A look at FPPN’s annual suturing lab


Michelle Wong

From sheep brains to fetal pigs, it’s not uncommon for dissections to take place in physiology and biology classrooms. Students are taught to cut through tissue and cartilage to gain a deeper understanding of how the human body works. But aside from dissections, MVHS’ Future Practicing Physicians Network takes an opportunity to teach students to do the exact opposite — to stitch tissue back together. On Feb. 26, FPPN officers held a suturing lab where they taught students how to do a simple interrupted suture. Look through the gifs below to catch a glimpse of the atmosphere in B103 during the lab.

FPPN officers create an incision in each piece of chicken breast using a scalpel and distribute them to pairs of students.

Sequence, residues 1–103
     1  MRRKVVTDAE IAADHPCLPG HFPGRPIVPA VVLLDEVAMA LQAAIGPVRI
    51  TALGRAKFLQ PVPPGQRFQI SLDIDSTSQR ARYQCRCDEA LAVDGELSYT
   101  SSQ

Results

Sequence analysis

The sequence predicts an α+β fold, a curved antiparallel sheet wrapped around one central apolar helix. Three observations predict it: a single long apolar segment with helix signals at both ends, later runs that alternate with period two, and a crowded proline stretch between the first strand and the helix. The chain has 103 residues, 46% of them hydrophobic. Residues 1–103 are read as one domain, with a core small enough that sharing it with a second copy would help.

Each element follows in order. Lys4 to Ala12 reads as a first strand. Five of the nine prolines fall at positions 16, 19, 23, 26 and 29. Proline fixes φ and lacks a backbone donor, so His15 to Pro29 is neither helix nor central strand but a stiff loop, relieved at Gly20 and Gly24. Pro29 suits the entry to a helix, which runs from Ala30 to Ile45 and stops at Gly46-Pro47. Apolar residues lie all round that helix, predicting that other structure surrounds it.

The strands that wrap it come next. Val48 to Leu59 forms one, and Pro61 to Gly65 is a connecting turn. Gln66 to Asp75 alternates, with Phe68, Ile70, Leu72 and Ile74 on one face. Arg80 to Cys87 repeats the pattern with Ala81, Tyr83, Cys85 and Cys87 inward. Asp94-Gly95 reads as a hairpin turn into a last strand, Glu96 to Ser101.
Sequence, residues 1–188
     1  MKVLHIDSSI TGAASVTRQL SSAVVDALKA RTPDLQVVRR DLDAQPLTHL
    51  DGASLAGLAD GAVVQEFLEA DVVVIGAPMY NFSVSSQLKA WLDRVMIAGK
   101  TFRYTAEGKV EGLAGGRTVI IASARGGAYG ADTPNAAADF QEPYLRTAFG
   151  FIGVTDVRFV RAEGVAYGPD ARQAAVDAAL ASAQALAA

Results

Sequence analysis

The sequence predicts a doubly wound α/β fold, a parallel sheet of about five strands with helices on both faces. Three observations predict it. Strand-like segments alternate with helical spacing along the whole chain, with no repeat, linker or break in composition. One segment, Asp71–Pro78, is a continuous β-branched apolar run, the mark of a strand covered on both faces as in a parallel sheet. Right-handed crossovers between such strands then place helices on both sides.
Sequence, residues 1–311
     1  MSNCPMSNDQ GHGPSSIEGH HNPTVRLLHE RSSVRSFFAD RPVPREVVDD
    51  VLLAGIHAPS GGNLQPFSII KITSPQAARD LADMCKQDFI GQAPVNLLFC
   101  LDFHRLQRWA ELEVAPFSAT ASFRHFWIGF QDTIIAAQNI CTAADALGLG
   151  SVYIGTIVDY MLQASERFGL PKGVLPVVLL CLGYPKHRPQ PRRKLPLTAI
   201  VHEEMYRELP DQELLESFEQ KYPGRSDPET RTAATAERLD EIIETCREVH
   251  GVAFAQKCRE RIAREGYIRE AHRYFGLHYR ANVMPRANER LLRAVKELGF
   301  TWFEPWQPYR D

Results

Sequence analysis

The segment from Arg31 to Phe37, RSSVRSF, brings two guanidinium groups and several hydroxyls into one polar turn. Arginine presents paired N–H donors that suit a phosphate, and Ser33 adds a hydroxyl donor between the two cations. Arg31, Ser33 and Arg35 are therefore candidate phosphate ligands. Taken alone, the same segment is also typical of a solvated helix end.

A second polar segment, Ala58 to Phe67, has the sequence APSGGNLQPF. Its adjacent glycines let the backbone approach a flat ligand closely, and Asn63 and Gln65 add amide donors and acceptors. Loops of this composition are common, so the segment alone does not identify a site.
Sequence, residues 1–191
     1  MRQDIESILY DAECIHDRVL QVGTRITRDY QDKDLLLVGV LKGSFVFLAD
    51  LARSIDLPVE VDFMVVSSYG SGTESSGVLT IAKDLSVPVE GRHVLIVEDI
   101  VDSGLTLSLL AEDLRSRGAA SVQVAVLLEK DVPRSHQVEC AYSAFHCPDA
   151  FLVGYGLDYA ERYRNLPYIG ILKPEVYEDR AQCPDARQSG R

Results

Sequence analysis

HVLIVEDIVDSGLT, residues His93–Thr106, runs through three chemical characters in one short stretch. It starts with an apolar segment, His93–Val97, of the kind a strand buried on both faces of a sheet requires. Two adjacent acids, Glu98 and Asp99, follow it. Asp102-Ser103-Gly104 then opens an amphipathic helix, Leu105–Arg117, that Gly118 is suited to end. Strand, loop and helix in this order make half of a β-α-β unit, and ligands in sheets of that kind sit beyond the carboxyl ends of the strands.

An introduction to suturing video plays in the background as students occasionally stop what they are doing to look up for further instruction. The video shows how to pull the needle through the tissue and correctly tie a square knot.


Director of medical outreach and senior Jason Shen guides students through tying the final knot of the simple interrupted suture.


An FPPN member successfully completes pulling the prolene — a type of suture — across the incision.


Students encourage each other as they take turns attempting the suture.